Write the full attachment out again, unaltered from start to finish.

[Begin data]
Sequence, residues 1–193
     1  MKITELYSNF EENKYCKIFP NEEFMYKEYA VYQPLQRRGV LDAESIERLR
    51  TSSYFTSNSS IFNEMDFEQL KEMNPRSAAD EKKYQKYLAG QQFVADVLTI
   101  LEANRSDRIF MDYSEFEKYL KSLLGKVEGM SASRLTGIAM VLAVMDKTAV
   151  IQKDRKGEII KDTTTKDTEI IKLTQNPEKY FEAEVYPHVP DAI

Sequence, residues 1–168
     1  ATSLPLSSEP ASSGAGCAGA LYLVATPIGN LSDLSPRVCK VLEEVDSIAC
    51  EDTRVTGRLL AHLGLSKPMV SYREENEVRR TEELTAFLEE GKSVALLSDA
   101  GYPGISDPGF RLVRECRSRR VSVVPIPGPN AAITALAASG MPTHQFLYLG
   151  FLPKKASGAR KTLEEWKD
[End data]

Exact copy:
Sequence, residues 1–193
     1  MKITELYSNF EENKYCKIFP NEEFMYKEYA VYQPLQRRGV LDAESIERLR
    51  TSSYFTSNSS IFNEMDFEQL KEMNPRSAAD EKKYQKYLAG QQFVADVLTI
   101  LEANRSDRIF MDYSEFEKYL KSLLGKVEGM SASRLTGIAM VLAVMDKTAV
   151  IQKDRKGEII KDTTTKDTEI IKLTQNPEKY FEAEVYPHVP DAI

Sequence, residues 1–168
     1  ATSLPLSSEP ASSGAGCAGA LYLVATPIGN LSDLSPRVCK VLEEVDSIAC
    51  EDTRVTGRLL AHLGLSKPMV SYREENEVRR TEELTAFLEE GKSVALLSDA
   101  GYPGISDPGF RLVRECRSRR VSVVPIPGPN AAITALAASG MPTHQFLYLG
   151  FLPKKASGAR KTLEEWKD